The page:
While you shouldn’t force your beliefs religiously on your children, teaching them to be spiritual on some level from a young age is not a bad thing. When kids are young they are more open to this kind of thing and working to better understand more than you might imagine off-hand.
This kind of thing is actually kind of a big deal for kids when you think about it because they hear all about what other kids are learning in regards. They are at a place in their lives where they are just taking everything in and you can really work to set them off on their journey in this life properly. That being said, we all need to remember that spirituality and religion do not have to go hand in hand.
Family Education wrote as follows on this topic:
“Spirituality has traditionally been framed in terms of religion, and so the issue of church and state comes up,” observes Don Ratcliff, Ph.D., education professor at Biola University in La Mirada, CA, and the author of several books on children’s spiritual development. “In the research area, a lot of secular universities shy away from it because they think the topic is getting too close to religion. There’s concern about objectivity.”
Ratcliff’s own research and experience as a parent have led him to believe that many children actively search for spiritual understanding, beginning at a young age. He recalls his own son, at five, becoming deeply reflective while watching a campfire during a family trip. Gazing into the flames, the child observed that “the fire is like Jesus on the cross, and the stones are like people standing around looking up at the cross.”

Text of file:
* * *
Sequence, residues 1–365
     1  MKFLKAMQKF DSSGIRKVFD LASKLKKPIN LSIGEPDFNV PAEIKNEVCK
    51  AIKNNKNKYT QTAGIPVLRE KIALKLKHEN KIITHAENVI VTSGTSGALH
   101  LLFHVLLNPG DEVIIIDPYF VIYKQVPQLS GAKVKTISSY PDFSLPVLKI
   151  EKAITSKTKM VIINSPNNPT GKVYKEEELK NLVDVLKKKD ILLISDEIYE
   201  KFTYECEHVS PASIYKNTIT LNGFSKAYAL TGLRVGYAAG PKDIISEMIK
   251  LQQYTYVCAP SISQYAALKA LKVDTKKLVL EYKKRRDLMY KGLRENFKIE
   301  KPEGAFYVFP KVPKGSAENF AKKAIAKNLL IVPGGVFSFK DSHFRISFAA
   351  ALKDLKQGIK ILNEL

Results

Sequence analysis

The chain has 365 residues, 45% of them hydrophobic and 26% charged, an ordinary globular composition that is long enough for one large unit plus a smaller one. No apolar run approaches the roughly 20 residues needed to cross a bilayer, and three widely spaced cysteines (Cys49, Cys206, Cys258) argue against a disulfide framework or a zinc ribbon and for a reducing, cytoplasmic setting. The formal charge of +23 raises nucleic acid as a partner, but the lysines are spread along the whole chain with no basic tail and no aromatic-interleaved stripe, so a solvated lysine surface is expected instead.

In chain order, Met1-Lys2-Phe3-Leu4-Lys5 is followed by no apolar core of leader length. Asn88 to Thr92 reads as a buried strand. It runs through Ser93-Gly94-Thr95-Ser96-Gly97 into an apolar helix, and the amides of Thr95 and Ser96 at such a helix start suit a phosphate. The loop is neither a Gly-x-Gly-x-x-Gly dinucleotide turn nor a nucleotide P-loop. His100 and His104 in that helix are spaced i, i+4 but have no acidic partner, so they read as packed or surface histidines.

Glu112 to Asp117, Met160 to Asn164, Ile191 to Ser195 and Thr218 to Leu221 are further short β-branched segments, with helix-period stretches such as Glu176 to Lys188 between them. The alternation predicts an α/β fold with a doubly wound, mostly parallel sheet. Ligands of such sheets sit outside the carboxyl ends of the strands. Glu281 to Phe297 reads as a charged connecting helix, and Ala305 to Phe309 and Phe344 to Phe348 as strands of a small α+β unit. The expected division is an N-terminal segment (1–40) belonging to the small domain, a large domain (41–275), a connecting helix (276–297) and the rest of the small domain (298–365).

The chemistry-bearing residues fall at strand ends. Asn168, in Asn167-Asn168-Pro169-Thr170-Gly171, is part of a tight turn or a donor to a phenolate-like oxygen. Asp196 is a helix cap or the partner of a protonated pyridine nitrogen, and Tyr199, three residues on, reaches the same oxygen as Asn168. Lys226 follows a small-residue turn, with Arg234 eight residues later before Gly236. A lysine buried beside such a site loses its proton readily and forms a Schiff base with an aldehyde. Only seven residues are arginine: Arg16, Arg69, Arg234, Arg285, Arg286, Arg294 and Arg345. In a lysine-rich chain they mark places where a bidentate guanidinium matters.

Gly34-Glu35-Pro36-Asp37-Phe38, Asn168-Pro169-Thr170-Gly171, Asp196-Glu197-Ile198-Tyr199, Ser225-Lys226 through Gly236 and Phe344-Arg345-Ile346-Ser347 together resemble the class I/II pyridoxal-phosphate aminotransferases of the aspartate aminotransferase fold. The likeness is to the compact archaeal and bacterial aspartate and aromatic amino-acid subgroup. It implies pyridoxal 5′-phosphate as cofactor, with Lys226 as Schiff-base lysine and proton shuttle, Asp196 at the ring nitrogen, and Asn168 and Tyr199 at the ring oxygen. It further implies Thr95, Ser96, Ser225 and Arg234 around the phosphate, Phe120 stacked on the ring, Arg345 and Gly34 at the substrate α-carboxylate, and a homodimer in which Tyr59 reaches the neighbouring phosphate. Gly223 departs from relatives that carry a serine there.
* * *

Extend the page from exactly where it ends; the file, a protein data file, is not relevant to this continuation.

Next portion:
To Ratcliff, the story is a reminder that even very young children have the ability to think abstractly. Many experts in early childhood development, however, believe just the opposite — that young children’s early expressions of faith can only be rooted in the concrete experiences of seeing, hearing, and touching.
“If you ask a preschooler, ‘What is God?’ you get an answer that God is a person,” says Helen Cohen, director of the Frances Jacobson Early Childhood Center at Temple Israel in Boston. “I remember a child telling me she didn’t believe in God. I said, ‘Why do you say that?’ She said, ‘I can’t see God or hear God, so I know there is no God.'”
Other children seem to be more openly engaged by the concept of a higher power, says David Elkind, Ph.D., professor of child study at Tufts University. He recalls a conversation with a four-year-old who spoke with authority when asked to describe the difference between God and Jesus.
Spirituality by definition is ‘the quality of being concerned with the human spirit or soul as opposed to material or physical things.’ This is something we all need on some level. Teaching your kids about it when they are young can and will help them remain focused in those areas on some level as they age even if they do not realize it. For instance, they may be more inclined to push themselves to do things that overall are good for their spirit or dive into their passions. They know that they have a path in this world and that we all make mistakes along the way.
What do you think about this and do you agree that it is a good thing for children to be looking into on some level? I think that it varies and depends on how things are gone about overall. This is a topic that most will not find easy to agree on.